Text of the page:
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South Med J. 1998 Jan;91(1):17-22.

Juvenile dermatomyositis and polymyositis: a follow-up study of long-term sequelae.

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  • 1Department of Pediatrics, Bowman Gray School of Medicine of Wake Forest University, Winston-Salem, NC, USA.



Juvenile dermatomyositis/polymyositis (DMS/PM) are childhood inflammatory myopathies that normally affect children between 2 and 15 years of age. The disease is manifested as severe proximal muscle weakness and, in JDMS, as a characteristic cutaneous eruption. It is difficult to predict the course of the disease. This study is aimed at objectively assessing the long-term morbidity of dermatomyositis/polymyositis in children.


Twelve cases of JDMS/PM identified through chart review were evaluated by physical and dermatologic examination, muscle testing, ultrasonography, and magnetic resonance imaging (MRI).


The patient population included 6 male and 6 female patients with a mean age of 18.8 years (standard deviation 12.4). The mean age at onset of JDMS/PM was 5.8 years (SD 2.8), and the mean time from onset of symptoms to beginning of the study was 10.1 years (SD 9.3). The mean duration of corticosteroid therapy was 53.1 months (SD 40.5), with patients reporting an average of 1.7 relapses (SD 1.5). Patients compared their own activity level with that of healthy control subjects, and on a scale of 1 to 5 with 5 being normal, their mean score was 3.9 (SD 0.9). Fifty-eight percent of the patients had at least one residual finding on physical examination, and 78% of those with JDMS had residual dermatologic sequelae. Despite these findings, the mean grade for the group was 4.6 (SD 0.6) for muscle strength, using a scale of 0 to 5 with 0 being no muscle resistance and 5 being normal. In 60% of patients examined by ultrasonography, increased echogenicity indicated possible residual fibrotic change in at least one muscle group. Although MRI showed no active disease process in four patients, scattered intramuscular calcification was found in one patient.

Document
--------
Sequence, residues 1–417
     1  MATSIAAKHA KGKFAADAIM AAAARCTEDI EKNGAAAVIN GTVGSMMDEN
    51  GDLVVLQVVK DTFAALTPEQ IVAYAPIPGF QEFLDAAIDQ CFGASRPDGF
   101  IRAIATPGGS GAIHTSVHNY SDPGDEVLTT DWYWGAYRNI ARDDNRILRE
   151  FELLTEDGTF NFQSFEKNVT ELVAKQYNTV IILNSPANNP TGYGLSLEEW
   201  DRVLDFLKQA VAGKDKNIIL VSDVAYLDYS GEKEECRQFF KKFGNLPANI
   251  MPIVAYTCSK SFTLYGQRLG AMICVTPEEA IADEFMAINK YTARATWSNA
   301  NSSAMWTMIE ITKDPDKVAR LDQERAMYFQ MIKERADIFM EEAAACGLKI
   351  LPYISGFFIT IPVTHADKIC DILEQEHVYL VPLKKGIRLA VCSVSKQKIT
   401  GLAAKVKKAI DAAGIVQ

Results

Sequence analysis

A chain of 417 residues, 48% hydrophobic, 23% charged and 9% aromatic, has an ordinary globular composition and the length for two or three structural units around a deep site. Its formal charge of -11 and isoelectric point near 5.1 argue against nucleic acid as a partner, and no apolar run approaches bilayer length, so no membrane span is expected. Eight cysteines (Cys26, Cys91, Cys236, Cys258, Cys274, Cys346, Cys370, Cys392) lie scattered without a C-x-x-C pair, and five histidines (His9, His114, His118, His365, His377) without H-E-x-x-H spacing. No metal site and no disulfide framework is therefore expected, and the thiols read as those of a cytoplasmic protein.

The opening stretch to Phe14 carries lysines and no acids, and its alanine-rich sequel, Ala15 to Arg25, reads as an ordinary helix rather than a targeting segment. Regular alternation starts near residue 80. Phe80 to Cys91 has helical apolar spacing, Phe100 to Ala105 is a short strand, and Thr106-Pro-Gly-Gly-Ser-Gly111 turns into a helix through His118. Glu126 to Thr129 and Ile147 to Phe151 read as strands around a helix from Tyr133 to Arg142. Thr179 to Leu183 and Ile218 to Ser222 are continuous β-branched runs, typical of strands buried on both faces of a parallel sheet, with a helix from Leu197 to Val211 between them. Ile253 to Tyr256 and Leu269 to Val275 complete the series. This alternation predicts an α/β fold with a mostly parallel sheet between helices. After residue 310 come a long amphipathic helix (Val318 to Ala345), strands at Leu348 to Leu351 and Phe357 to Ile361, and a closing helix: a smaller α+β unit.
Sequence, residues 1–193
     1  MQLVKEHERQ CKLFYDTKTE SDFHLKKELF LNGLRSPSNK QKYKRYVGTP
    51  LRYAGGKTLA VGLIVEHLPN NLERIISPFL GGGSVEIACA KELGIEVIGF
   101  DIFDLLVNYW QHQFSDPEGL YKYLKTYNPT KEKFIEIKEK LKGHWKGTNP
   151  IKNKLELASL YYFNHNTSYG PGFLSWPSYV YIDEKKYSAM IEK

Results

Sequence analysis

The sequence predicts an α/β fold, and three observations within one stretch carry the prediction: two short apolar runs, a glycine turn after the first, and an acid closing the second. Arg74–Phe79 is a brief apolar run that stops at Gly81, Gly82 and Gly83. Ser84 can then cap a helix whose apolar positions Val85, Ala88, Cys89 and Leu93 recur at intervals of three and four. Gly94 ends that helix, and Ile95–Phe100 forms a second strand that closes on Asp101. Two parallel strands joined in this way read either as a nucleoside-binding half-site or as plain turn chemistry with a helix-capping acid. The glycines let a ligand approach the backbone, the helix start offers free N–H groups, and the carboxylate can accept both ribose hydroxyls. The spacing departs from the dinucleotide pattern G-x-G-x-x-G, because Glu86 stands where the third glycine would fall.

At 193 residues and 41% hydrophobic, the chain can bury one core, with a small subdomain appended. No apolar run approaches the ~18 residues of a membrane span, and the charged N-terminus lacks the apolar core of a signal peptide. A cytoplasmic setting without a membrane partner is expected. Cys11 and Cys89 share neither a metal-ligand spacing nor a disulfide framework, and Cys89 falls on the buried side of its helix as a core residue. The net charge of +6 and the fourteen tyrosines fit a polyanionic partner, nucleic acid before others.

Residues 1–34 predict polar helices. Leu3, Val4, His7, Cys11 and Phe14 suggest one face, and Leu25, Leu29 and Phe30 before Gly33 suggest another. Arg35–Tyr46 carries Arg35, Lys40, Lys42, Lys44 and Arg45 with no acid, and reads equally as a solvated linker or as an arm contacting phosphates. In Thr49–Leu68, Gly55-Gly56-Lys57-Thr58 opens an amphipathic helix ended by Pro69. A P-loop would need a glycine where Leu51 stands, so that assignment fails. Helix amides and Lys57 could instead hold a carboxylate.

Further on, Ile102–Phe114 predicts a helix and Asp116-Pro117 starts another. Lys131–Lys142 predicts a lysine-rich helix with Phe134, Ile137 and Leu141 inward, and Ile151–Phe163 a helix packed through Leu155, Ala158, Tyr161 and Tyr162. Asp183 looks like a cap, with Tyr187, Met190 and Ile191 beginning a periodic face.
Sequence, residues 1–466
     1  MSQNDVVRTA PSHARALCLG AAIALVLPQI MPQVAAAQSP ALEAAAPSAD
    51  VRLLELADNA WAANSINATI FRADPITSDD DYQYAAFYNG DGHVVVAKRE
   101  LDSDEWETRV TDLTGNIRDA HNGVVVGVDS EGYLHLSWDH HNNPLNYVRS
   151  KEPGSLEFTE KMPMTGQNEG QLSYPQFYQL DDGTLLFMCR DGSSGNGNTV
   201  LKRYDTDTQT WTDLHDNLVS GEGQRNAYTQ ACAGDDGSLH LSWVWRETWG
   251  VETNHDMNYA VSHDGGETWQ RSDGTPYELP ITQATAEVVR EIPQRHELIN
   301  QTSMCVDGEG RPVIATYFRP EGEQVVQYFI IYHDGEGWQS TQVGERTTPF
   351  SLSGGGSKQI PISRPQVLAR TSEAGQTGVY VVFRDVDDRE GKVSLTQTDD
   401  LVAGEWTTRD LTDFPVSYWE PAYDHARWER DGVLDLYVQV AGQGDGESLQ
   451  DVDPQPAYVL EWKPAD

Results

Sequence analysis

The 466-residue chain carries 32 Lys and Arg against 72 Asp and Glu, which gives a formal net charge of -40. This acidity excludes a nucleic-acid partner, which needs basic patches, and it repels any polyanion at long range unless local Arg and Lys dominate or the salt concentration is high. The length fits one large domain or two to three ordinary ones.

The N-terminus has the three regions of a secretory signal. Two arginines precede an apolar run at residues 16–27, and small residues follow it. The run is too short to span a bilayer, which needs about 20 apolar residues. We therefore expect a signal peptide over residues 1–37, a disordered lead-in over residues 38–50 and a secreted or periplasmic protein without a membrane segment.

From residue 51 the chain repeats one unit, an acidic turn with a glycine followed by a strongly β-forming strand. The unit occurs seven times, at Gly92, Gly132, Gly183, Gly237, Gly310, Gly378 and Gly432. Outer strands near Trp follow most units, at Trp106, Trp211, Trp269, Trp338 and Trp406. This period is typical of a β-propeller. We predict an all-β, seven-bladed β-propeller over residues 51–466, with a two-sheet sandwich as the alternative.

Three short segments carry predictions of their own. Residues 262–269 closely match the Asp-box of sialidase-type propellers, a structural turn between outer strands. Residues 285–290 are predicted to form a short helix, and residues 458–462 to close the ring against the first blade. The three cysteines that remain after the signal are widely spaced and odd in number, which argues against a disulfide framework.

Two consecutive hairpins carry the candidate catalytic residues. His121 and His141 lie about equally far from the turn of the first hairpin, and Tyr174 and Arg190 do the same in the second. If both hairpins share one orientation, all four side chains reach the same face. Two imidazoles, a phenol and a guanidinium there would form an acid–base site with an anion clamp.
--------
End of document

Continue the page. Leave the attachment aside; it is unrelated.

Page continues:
Multiple physical and dermatologic sequelae are commonly present in patients with JDMS/PM on long-term follow-up, but these do not preclude a productive life. Ultrasonography and MRI provide additional noninvasive means of analysis, but because of the current high cost, MRI is not routinely recommended.

[PubMed - indexed for MEDLINE]
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